I am going to try to post a summary of the Sunday School lessons I teach each Sunday, but, due to the timing of those lessons, the posts will publish on Saturday and be about the lessons from the previous Sunday. This was my intent at the beginning of the year, but I am recommitting to try to make it happen, starting today. I also am going back and posting summaries of some of our former lessons. They will be dated according to when the lessons were taught.
Thus, the following is a summary of the lesson from last week:
We talked today about the part Jesus' life played in the Atonement.
1) We read Luke 2:52: "And Jesus increased in wisdom and stature, and in favor with God and man."
pointed out that in order to "increase" in something, someone has to
start at a level less than complete - less than "perfect", in the
Biblical sense of being "complete, whole, fully developed"). Thus, the Bible says that Jesus developed over time and gained favor with God as a result.
2) We read Luke 2:41-50 - the account of Jesus
at the temple at the age of 12. We read the entire account, and I
pointed out that we always focus on the "good" part - that he was a
precocious young man who could astound the church leaders of the time. What we
overlook is that he put his parents through Hell for almost a week, not
knowing where he was and searching frantically for him. They traveled a
full day toward home, then a full day back, then three days searching
for him. The mortal young man probably was enjoying himself and didn't
stop and think about what he was doing to others.
caused pain and suffering - so the Atonement included paying for that
instance of him being the one who hurt others - paying for the pain and
suffering they felt because of him. We talk about how he suffered to pay for the
actions of people, but we never talk about how HE was one of those
people whose actions caused that for which he paid.
3) We listed on the board all of the "major" events we know
about his life outside his actual ministry: He was born in Bethlehem; he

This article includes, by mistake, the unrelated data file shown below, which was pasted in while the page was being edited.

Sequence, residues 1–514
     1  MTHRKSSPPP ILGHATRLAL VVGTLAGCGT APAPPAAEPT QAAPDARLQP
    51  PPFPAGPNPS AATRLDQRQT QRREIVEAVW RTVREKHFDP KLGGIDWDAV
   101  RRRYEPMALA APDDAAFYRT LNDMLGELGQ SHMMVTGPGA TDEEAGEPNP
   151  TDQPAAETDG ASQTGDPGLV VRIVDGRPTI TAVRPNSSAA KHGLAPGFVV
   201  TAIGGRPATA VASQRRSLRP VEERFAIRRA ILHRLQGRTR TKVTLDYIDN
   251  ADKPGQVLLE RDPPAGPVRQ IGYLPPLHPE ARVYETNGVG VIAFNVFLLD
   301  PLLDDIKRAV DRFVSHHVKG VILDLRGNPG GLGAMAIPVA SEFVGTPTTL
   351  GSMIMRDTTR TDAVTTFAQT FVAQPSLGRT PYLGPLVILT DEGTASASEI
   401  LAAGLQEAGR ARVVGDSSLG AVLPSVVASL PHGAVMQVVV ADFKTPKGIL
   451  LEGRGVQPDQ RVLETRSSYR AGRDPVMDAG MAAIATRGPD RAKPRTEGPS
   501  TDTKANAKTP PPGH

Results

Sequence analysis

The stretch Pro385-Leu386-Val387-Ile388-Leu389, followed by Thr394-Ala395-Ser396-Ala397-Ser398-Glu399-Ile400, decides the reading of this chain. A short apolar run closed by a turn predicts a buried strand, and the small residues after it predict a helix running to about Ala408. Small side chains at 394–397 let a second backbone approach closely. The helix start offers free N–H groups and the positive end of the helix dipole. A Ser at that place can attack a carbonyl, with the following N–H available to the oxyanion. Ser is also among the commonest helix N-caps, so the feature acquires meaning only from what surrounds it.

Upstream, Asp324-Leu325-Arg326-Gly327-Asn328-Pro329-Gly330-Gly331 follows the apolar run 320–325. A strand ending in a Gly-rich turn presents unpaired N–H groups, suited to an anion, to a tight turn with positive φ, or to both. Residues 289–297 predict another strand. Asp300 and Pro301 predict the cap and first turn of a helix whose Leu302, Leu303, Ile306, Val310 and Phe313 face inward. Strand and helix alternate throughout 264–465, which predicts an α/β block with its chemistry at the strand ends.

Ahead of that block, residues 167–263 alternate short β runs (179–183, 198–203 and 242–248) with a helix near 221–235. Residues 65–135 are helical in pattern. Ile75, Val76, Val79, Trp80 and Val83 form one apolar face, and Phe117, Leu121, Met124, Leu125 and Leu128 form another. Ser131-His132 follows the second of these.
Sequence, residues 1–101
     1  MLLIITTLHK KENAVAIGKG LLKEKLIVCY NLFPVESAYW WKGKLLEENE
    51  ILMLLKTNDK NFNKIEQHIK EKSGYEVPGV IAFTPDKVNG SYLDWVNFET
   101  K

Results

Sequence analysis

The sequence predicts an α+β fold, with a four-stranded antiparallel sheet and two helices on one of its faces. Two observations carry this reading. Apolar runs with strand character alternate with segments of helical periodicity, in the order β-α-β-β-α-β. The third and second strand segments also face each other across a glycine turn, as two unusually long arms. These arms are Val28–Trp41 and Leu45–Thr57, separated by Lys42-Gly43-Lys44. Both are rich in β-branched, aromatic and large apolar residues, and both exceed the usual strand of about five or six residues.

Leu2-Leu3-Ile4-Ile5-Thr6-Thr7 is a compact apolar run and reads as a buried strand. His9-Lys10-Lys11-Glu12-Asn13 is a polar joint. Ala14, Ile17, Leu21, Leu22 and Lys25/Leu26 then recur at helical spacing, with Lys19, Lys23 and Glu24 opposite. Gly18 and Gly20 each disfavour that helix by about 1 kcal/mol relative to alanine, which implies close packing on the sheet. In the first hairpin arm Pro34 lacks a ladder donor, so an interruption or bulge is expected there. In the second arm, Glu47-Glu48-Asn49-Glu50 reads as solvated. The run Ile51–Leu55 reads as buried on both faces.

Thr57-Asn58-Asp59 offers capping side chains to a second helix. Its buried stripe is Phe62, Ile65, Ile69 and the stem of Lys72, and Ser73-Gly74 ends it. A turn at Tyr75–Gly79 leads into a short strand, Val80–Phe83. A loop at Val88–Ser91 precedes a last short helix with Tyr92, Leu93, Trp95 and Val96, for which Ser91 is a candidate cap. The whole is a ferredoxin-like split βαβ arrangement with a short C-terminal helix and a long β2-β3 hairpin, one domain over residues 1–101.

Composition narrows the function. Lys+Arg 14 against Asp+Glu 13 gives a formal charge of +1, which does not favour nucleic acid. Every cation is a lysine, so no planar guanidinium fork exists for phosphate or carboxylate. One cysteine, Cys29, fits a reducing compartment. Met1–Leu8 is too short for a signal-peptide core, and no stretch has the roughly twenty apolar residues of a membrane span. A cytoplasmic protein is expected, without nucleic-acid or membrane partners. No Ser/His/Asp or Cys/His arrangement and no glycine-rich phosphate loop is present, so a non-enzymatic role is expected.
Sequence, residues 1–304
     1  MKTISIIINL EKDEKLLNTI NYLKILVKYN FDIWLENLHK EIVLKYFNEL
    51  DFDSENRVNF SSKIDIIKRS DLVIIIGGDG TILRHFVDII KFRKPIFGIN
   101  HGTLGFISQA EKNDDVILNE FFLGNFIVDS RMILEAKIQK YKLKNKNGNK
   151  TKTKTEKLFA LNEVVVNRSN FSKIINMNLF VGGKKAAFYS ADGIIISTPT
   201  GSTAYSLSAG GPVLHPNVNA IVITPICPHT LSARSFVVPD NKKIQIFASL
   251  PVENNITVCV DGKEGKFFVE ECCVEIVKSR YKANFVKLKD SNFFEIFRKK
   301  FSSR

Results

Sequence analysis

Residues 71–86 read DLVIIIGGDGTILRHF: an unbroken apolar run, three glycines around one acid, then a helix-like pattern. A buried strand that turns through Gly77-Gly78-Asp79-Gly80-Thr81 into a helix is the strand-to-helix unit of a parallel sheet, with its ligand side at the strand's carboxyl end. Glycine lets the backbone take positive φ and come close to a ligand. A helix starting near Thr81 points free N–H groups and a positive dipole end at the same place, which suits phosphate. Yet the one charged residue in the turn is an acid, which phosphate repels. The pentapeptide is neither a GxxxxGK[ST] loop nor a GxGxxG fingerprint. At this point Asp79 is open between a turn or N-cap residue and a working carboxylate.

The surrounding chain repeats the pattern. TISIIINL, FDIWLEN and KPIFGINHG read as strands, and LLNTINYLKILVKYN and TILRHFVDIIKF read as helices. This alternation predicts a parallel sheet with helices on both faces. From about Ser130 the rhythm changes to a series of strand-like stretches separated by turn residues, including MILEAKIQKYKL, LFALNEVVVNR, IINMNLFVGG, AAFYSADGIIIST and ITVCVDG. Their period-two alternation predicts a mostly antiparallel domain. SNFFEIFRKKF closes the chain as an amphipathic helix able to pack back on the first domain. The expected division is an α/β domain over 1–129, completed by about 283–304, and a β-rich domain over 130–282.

lived there (in a house) until the wise men visited (probably about 18
months, give or take a few - but I emphasized that we don't know and
only can estimate based on clues in the story); he moved to Egypt for a
while (duration unknown); he was raised in Nazareth;
he was in Jerusalem at the age of 12; he started his ministry at age 30;
he died at age 33. I pointed out that the experience in the temple at
age 12 is the only specific thing we know about his life from an early age until he turned 30. There are huge gaps in our record of the actual life of Jesus, the "man" - the son of Mary and Joseph.
4) We read John 15:13 ("Greater
love hath no man than this, that a man lay down his life for his
friends."), and I pointed out that "laying down one's life" doesn't have
to refer to dying. We talked about the fact that Jesus, of Nazareth,
had a life of his own - and the only details we have of his life are
AFTER he laid down his own life and started his "mission" life. I
mentioned that we don't know one way or the other, but he might or might not have left a wife -
and kids - and a career - and friends in order to serve others. He was a
man, and he had a man's life - whatever that was in his case.
5) We talked
about what his mission was - what he did and for whom he did it. We
mentioned publicans, sinners, tax collectors, Samaritans, lepers - and I
then back to the word "atonement" (at-one-ment) and talked about how
that word can refer to more than just an individual's unity with God.
We talked about the Intercessory Prayer, especially John 17:21, in which
Jesus used the words "they", "we" and "us" - all plural forms - and prayed for collective unity like the unity he shared with his Father. We
talked about the difference between "individual atonement" and "communal
atonement" - and how Jesus' mortal ministry was focused on taking a broken
society (one that was made up of distinct "parts") and working to make
it united ("at one"). He served those who were cast off, ignored,
marginalized, condemned, etc. - the outsiders. We talked about Zion and
what keeps that from happening - that can be the accepted ones - the "in
crowd" - the "faithful" who reject others and destroy unity, not just those
they reject or who reject them.
6) We talked about how we can "apply the atonement
in our own lives" - and I pointed out that we can't suffer FOR the
sins, pains, afflictions, sicknesses, temptations, etc. of others, but
we can suffer WITH others (for example, mourning with those who mourn and comforting those who stand in need of comfort) - especially those who are not supported by
most people. I mentioned that I can't lay down my life in the same way Jesus did, since I have to continue to support my
family, but we can give up some of our time and money and other
resources to help others. I asked them to consider who the people are
that they tend to avoid - who are considered "unclean" in our current
society. I told them that if they want to apply the atonement in their
own lives, they need to be willing to build Zion to whatever extent
possible in order to take our own broken and fragmented society and help
make it "at one" - to really love (through active service) those who
constitute now what a friend of mine once called "Christ's kingdom of